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Oral Answer by Mr Tan Chuan-Jin, Acting Minister for Manpower, to Parliamentary Question on Malaysians Working In Singapore

Notice Paper No. 17 of 2014 For The Sitting On 21 Jan 2014 Question No. 1688

MP: Mr Baey Yam Keng

To ask the Acting Minister for Manpower with regard to Malaysians who commute to Singapore to work (a) how many and what percentage are engaged in the informal sector of menial and other blue collar jobs (e.g. plumbers, air-conditioner servicemen, electricians); and (b) whether there is a concern that they are contributing to a wage depression of Singapore workers in similar trades and, if so, how is the Ministry addressing this.


  1. Across the overall group of Malaysian Work Permit Holders in Singapore, about 15% are in blue collar jobs such as plumbers, air-conditioner servicemen, and electricians.
  2. We have measures to help local workers even as companies are allowed to bring in foreign workers to augment their workforce. One of the measures is the Foreign Worker Levy, which raises the cost of the foreign worker. The Dependency Ratio Ceiling (DRC) is another measure that sets a limit on the proportion of foreign workers that can be employed. Firms that have reached their DRC limit will have to recruit and retain more locals in other for them to be eligible to hire more foreign workers.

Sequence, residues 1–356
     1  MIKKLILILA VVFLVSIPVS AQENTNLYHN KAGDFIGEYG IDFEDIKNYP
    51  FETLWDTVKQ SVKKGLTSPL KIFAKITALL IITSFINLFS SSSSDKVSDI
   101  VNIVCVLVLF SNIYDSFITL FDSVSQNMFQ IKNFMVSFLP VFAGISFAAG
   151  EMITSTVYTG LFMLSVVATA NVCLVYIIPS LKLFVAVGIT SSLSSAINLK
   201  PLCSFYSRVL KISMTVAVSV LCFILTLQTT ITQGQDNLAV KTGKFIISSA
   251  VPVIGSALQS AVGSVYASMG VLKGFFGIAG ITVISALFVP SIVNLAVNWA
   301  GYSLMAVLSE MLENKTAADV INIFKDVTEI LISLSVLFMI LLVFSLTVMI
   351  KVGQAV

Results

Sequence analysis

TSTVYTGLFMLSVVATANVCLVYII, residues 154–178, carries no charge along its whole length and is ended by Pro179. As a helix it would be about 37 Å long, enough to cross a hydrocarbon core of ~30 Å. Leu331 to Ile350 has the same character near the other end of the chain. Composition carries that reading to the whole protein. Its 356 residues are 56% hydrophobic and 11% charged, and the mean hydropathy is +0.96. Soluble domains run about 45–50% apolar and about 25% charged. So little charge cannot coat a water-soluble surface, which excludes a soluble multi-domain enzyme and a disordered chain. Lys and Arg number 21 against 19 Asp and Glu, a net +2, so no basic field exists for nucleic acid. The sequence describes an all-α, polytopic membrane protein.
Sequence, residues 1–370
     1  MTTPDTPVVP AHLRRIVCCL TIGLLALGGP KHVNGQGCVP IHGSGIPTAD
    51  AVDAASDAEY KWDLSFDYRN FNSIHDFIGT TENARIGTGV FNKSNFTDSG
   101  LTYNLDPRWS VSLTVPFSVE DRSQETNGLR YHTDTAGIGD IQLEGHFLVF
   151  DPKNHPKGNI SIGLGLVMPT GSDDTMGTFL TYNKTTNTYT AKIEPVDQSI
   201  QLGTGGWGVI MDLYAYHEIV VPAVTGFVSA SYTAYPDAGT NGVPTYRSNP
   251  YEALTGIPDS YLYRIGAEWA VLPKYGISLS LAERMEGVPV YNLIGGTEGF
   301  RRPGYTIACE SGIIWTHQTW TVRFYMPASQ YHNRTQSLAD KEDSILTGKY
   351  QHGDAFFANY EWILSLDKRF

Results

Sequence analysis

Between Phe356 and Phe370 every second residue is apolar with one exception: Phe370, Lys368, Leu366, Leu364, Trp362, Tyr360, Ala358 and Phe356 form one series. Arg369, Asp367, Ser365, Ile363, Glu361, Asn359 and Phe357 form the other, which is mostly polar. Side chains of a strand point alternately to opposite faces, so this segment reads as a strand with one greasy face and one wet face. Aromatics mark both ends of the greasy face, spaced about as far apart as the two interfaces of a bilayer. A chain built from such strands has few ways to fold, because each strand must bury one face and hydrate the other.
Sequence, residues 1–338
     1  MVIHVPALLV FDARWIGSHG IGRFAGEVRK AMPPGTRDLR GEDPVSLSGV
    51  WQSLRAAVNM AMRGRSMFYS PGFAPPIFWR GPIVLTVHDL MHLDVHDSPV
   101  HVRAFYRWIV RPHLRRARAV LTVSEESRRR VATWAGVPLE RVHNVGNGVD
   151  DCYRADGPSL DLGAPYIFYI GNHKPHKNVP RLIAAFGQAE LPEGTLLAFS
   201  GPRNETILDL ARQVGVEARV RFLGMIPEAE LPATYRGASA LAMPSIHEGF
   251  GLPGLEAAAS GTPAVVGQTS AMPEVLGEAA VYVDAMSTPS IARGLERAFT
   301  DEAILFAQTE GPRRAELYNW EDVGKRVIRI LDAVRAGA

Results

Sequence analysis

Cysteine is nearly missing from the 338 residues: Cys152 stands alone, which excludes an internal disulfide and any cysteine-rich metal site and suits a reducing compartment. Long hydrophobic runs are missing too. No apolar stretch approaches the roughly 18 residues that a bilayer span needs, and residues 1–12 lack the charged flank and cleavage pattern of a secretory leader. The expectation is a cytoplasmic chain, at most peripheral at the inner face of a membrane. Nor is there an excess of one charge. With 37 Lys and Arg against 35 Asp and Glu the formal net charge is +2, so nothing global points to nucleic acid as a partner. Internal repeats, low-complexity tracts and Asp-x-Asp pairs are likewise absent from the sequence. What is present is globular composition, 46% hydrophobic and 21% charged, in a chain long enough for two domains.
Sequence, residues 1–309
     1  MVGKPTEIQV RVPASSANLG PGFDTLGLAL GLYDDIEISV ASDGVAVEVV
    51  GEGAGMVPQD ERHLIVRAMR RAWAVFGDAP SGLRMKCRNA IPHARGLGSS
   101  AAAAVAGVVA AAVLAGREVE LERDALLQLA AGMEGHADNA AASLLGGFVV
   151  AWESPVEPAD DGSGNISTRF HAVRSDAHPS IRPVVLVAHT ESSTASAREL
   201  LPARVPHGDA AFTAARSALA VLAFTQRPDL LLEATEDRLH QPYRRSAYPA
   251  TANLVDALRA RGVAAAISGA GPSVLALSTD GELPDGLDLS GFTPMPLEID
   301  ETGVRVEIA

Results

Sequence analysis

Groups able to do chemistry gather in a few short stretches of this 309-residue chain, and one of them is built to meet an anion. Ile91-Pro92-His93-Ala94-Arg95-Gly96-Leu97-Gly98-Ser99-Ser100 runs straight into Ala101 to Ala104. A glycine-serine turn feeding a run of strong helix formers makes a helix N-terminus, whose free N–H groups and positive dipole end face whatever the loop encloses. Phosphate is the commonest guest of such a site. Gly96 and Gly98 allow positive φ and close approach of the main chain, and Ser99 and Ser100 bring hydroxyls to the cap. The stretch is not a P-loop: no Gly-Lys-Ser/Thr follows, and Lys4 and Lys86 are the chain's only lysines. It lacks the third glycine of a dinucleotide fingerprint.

3. Over the past few years as part of our overall tightening effort, in order for us to restructure the economy and move towards more manpower-lean set ups, MOM has been reviewing both the levy and DRC on a regular basis. There has been progressive increase in levies for both S Pass and Work Permit Holders for all sectors, with the latest changes taking effect from 1 July 2014 and 1 July 2015. It is very important for companies to note the dates, which are coming quite soon. There were also progressive DRC cuts in the Services sector from 50% to 45% in July 2012 and from 45% to 40% in July 2013.
  4. But that is only part of the picture. We are also continuing our efforts to uplift low-wage workers in Singapore through creating good jobs, providing opportunities for them to enhance their employability and grow their incomes sustainably, and ensuring that they continue to share in the fruits of Singapore’s progress.